Results
In our experiments sliding bodies, henceforth “sliders” (Fig. 1(b)) were supported at the waterair interface by virtue of the equilibrium between their weight, surface tension, and hydrostatic forces resulting in a maximum interface deformation d. The maximum deformation of the free surface over all trials is estimated to be approximately 12% of the slider’s diameter. A magnet was embedded in the sliders, which were accelerated along a straight line on the surface of a water bath through an inhomogeneous magnetic field generated by a coil (Fig. 1(a)). The coil was then turned off and the slider decelerated due to fluid friction (Fig. 1(c)).
The deceleration phase was recorded and the slider’s speed as a function of time was measured. Our setup allowed for continuous and repeatable runs of the experiment, which we show in the Supplementary Movie and describe in the Supplementary Materials. Extended details of the experimental setup can be found in the Methods section. The slider speed at the beginning of the deceleration phase was always in the range U_{0} = 6.1–16.0 cm/s with uncertainty 0.1 cm/s, below the phase speed of capillary waves \({U}_{c}\simeq 23\) cm/s, at which the slider with constant speed would generate a capillary wake^{25}. Visible capillary waves were generated during the initial acceleration period^{26,27}, however no additional waves were observed during the deceleration phase over which our measurements take place.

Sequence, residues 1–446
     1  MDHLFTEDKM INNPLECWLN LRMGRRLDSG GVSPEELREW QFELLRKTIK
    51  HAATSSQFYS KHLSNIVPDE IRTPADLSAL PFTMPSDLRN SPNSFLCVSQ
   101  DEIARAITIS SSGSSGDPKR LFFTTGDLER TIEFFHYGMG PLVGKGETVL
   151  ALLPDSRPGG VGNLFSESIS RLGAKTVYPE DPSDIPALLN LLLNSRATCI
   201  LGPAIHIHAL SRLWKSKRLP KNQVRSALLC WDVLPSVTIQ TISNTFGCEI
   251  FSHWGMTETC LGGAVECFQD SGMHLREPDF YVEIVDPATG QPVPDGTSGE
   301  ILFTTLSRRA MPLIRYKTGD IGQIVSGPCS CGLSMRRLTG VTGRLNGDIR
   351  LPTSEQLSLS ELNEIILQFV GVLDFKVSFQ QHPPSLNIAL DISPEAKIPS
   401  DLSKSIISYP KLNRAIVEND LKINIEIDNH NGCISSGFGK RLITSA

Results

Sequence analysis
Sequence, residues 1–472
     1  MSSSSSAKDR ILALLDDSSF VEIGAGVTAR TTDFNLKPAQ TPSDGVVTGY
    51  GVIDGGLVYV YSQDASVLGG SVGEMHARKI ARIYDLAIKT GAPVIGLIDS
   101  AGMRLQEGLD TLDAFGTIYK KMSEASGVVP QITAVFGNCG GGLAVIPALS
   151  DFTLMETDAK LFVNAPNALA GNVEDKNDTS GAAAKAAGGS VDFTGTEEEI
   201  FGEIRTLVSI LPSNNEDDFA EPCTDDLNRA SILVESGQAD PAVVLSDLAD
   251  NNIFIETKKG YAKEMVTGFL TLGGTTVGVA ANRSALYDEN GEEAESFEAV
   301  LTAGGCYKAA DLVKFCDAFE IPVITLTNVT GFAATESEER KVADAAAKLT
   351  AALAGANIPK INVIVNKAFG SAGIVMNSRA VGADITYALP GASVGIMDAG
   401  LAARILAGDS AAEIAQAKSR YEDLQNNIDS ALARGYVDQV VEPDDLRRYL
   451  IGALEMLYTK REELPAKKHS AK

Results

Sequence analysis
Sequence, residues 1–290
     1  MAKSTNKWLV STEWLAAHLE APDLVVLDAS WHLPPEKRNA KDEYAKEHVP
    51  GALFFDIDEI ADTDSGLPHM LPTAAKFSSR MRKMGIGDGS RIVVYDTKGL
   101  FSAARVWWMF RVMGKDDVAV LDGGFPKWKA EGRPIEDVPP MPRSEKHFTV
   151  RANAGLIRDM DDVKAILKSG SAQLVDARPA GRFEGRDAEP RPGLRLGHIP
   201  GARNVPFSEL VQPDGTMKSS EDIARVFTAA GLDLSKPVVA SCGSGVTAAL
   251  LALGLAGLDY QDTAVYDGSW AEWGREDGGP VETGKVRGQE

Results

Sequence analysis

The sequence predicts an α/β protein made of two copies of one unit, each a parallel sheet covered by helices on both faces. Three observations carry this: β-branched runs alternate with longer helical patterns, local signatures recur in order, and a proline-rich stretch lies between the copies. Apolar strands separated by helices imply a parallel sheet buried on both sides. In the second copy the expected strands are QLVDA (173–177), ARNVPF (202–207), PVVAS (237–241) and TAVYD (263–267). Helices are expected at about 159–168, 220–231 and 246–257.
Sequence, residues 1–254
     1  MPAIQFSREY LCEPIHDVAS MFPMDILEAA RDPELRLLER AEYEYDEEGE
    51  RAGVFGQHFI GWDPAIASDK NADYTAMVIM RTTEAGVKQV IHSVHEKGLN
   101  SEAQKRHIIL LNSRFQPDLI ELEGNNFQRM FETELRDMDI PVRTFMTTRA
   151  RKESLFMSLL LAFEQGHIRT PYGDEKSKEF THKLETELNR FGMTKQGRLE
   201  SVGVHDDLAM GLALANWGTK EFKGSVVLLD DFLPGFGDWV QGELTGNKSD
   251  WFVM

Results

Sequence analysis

In the deceleration phase, the slider obeys the simple ordinary differential equation (o.d.e.) m dU/dt = −F_{D}, where U is the slider speed and F_{D} is a drag force. We proceeded by testing the solutions U(t) of the o.d.e. as obtained when three common fluid drag scalings are considered: Stokes drag F_{D} ∝ U, form drag F_{D} ∝ U^{2} and skin friction F_{D} ∝ U^{3/2}. The results are presented in Fig. 2 and show evidently that the skin frictiontype scaling completely captures the observed deceleration behavior. This is consistent with the orderofmagnitude estimate presented in the discussion section.